These women (except for the recurrence of neuritis in the case of F1) presented conditions of normal menstrual health, and all were in excellent mental health. None of them (except F4) experienced headaches or other nervous symptoms at periods, and they were not accustomed to remit work or make changes in their usual programmes of occupation. F2 and F3 were sisters. F1, F4, F5 and F6 were not related to them nor to each other in any way. The exact occurrence of physiological periods was indicated by placing a star (*) on the records taken on the days comprising each period. For F1, F2 and F3 the period presumably affected was five days in duration; for F4, sometimes five and sometimes four days; for F5, six days; for F6, sometimes five and sometimes three days.[p. 14]

It is regrettable that daily records could not have been taken on a much greater number of subjects (both men and women). The intensive work with eight subjects is, however, supported and extended by similar experiments made on seventeen women, each of these subjects being tested on every third day for a period of thirty days. This additional work will be reported in a subsequent section of this monograph. The intensive study of the eight subjects who were tested daily is based on about 4,500 precise observations. The experiments were performed with the following questions in mind:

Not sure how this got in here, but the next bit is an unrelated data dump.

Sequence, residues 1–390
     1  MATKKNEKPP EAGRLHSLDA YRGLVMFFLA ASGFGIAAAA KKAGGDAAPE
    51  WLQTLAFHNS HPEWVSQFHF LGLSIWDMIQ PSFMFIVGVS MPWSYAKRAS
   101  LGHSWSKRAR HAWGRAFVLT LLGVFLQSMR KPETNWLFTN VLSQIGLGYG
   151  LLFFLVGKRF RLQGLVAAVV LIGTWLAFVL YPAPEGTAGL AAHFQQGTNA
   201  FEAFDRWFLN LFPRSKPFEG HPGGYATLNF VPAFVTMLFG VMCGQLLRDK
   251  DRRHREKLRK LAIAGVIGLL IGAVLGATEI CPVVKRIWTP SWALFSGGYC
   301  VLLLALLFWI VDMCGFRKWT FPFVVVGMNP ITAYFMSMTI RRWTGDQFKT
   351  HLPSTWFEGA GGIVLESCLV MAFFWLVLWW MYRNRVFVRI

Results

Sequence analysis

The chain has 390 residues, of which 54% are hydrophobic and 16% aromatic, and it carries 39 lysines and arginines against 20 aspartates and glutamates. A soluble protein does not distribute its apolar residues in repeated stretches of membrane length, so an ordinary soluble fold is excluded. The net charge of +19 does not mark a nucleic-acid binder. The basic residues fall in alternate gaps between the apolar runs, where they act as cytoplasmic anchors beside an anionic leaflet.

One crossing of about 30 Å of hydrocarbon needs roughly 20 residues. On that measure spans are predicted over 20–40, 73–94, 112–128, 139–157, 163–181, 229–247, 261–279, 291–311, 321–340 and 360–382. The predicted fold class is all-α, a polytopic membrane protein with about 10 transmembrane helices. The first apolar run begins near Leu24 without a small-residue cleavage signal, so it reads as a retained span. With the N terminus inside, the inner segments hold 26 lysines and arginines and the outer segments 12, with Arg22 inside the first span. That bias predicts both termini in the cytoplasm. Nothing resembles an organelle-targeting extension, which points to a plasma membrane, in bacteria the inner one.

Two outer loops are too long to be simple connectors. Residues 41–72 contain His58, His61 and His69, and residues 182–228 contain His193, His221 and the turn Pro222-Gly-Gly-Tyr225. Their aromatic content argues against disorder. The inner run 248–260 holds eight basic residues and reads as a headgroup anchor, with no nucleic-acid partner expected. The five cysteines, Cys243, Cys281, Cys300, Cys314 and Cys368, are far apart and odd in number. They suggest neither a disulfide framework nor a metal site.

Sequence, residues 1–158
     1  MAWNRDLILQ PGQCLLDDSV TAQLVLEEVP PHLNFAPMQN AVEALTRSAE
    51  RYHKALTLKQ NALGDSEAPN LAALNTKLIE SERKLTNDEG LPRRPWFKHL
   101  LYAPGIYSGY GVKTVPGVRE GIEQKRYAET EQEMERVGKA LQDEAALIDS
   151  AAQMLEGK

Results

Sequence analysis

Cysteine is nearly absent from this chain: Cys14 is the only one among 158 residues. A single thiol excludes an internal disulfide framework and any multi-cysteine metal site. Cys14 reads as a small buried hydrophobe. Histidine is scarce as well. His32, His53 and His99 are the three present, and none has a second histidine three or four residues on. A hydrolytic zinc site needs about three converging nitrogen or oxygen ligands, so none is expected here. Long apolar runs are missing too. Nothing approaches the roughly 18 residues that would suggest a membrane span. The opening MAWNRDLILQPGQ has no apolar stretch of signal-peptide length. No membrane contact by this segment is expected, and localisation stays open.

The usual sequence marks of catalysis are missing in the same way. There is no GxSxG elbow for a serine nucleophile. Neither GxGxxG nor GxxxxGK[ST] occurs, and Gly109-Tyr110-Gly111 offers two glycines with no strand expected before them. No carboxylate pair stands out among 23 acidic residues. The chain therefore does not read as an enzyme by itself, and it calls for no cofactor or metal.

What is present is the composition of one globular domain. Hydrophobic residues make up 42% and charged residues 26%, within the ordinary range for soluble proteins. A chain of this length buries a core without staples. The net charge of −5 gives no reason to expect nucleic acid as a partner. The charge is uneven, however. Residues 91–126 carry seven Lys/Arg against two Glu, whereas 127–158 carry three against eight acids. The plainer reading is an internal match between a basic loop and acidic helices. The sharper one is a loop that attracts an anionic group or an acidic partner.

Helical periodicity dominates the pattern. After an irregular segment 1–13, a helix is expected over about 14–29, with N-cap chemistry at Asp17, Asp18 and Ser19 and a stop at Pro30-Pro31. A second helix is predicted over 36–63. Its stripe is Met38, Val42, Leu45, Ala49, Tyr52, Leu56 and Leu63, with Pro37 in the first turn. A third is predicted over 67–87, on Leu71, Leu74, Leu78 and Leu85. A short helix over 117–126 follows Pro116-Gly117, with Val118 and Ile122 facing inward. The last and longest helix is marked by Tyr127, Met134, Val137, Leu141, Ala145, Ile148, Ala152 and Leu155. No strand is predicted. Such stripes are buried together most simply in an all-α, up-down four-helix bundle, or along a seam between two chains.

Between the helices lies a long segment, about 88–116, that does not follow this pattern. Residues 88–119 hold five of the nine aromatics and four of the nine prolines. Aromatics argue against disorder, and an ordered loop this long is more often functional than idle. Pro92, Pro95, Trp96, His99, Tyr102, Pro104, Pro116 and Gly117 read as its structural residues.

(1) Will careful and exact measurement reveal a periodic mental and motor inefficiency in normal women?

(2) If inefficiency be found, is it a function of physical suffering, or of profound psychological change, occurring independently of pain?

(3) If inefficiency be found, is it characteristic of the whole period, or only of a part of it?

(4) Is there greater or less variability of performance on days presumably affected?

(5) Is it possible to discern a period of regularly recurring maximum efficiency in each month?

(6) Is it possible to find, by methods of precision, the cycle referred to by Ellis and others?

(7) Can any relation be established between the curves platted for pulse-rate, blood pressure, temperature, etc., and the curves of a daily mental or motor performance extending over several months?